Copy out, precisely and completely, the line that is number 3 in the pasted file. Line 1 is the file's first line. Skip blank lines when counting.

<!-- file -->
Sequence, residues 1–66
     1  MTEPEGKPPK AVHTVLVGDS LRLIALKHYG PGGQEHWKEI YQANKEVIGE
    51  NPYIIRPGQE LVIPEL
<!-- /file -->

    51  NPYIIRPGQE LVIPEL